Bone marrow chimeras

Recipient CIITATg PIV−/− mice were exposed to total body irradiation of 900 rad from a [137Cs] source in two split doses that were given 4 h apart. The mice were then rested for 24 h before being administered bone marrow cells. Total bone marrow cells were extracted from the femurs and tibiae of donor mice, and T cells were depleted by the magnetic sorting method (Miltenyi Biotech, USA). Each recipient mouse received 3 × 106 T-cell-depleted bone marrow cells in a volume of 300 ml of PBS via lateral tail vein injection, and the thymus and spleen were analyzed 8 weeks later.

Fetal thymic organ culture

On embryonic day 15.5 (E15.5), fetal thymuses from C57BL/6 mice were removed and cultured on polycarbonate filters (pore size, 0.8 mm; Millipore, USA) in RPMI 1640 medium supplemented with 10% fetal bovine calf serum (HyClone, USA), 1% penicillin and streptomycin (HyClone), and 50 nM 2-mercaptoethanol (Sigma, USA) in the presence or absence of mouse IL-4 (10 ng/ml; PeproTech, USA) and/or TGF-β1 (15 ng/ml; Cell Signaling, USA). Where appropriate, 1 μM SB431542 (selective inhibitor of TGF-β type 1 receptor kinases) or 10 μg/ml neutralizing antibody to TGf-β (1D11; R&D Systems, USA) was added once in 2 days. After 7 days, the thymuses were harvested and single-cell suspensions were prepared and analyzed for their CD4, CD8, Foxp3, and CD103 expression levels by flow cytometry.

Induction of allergic airway inflammation

C57BL/6 mice were sensitized i.p. with 100 μg of ovalbumin emulsified in 50 μl of PBS containing 2 mg of aluminum hydroxide (Thermo Fisher, USA) on days 0 and 7. Cells sorted as GFP+ Treg cells (2.0 × 105) were transferred to the sensitized mice i.v. 1 day before the initial intranasal challenge (on day 13). The challenge consisted of the intranasal administration of 50 μg of ovalbumin in 50 μl of PBS, and the challenge was performed for three consecutive days (from day 14 to day 16). Animals were anesthetized with isoflurane for pain relief. Twenty-four hours after the last challenge, mice were sacrificed for further analysis (on day 17).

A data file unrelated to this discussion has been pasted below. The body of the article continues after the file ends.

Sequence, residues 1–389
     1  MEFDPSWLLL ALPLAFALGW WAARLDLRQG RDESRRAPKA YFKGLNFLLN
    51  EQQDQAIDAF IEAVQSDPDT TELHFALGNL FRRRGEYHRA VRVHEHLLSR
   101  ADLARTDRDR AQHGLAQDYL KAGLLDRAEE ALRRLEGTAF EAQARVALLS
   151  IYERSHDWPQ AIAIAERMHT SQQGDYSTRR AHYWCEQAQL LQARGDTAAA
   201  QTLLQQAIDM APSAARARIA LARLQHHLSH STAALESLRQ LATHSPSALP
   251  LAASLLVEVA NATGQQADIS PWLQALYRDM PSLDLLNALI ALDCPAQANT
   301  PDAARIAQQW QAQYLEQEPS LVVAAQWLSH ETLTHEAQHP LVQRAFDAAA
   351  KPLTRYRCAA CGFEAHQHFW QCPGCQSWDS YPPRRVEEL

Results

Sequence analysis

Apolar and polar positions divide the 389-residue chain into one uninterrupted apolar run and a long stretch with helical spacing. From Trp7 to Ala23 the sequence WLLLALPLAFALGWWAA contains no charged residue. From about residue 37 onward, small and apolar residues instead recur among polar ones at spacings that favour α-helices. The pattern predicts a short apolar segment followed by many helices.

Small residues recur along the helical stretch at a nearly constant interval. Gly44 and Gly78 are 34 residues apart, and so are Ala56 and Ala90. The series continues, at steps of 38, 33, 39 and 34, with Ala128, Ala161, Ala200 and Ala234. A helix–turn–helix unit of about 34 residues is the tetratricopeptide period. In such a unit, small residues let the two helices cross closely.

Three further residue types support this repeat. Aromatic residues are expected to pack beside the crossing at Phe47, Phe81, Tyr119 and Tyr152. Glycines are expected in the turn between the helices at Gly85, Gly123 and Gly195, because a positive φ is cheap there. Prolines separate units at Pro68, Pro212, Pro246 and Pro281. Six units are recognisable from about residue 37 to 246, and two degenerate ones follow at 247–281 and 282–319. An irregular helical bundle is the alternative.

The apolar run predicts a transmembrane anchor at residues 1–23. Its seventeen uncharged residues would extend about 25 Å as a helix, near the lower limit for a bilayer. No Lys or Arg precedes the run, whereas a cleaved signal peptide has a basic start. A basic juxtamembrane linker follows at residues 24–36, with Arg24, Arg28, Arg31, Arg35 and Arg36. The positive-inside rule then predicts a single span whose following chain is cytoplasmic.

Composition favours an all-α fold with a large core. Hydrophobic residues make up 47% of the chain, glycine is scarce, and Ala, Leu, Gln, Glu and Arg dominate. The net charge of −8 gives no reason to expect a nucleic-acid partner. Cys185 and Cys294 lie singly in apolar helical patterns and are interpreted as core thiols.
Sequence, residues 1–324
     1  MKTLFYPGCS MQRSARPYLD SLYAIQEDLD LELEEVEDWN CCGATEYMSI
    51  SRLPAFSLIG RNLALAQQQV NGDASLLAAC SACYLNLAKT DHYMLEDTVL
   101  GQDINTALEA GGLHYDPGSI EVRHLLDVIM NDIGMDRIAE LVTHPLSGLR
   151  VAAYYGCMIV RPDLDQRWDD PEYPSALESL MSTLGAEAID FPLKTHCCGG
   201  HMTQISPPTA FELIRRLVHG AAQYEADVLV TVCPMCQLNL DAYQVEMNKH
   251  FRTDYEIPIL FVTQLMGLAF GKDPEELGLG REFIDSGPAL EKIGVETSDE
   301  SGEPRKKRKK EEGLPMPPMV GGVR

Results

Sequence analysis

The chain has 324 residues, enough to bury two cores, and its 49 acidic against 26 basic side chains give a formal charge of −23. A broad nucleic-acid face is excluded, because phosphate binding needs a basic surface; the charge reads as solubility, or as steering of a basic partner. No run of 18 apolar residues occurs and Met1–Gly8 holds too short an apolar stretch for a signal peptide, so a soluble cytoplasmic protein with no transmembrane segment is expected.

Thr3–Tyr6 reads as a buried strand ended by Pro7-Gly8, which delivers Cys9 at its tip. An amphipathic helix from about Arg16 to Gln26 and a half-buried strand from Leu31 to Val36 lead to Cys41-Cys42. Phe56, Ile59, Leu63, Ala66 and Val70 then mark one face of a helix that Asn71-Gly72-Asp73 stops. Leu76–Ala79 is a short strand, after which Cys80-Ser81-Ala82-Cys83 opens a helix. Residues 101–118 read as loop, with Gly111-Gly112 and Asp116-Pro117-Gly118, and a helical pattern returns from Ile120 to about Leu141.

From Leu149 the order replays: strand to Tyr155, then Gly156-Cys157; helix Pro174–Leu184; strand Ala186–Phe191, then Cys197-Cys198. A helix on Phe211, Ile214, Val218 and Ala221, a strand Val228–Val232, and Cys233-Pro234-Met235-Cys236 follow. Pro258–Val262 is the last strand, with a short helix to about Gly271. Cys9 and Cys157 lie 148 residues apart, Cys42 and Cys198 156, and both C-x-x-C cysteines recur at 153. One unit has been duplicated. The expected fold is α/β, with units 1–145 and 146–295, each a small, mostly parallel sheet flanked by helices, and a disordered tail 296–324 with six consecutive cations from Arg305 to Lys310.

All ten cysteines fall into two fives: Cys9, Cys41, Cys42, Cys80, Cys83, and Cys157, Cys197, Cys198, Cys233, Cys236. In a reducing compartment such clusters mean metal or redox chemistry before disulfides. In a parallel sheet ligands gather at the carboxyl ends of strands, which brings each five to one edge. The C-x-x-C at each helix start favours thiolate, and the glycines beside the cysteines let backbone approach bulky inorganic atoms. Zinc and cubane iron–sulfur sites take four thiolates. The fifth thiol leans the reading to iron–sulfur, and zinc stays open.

Isolation of bronchoalveolar lavage fluid and lung cells

To obtain bronchoalveolar lavage (BAL) cells, the trachea was cannulated and the lungs were lavaged with 3 ml of PBS. The total and differential cell counts of BAL were determined using a hemocytometer and cytospin preparations stained with Hema-color® for microscopic analysis (Merck, Germany). After collecting BAL cells, the lungs were immediately removed, minced, and placed in 4 ml of complete RPMI 1640 containing 1 U/ml collagenase D and 1 mg/ml DNase I (Roche, USA); they were incubated at 37°C for 1 h with shaking at 200 rpm. After incubation, the cells were pelleted and treated with 2 ml of ACK lysis buffer to remove red blood cells. The remaining tissue was forced through a 70-μm cell strainer, washed thoroughly with complete RPMI 1640, and counted via trypan blue exclusion. Further analysis was sequentially performed.

Histological analysis

After collecting BAL cells, the lungs were infused with neutral buffered 10% formalin to approximate the normal state of inflation, and then harvested. The tissues were preserved in formalin for more than 24 h and then subjected to routine paraffin processing and hematoxylin and eosin staining

Statistical analysis

All data were analyzed using GraphPad Prism software (GraphPad Software, USA). Bar graphs show the percentage of each cell represented as the mean ± standard error of the mean (SEM), and the data were compared using an unpaired t-test.


The activated/memory phenotype Foxp3+CD4+ nTreg fraction was increased in mice with abundant PLZF+ innate T cells in their thymus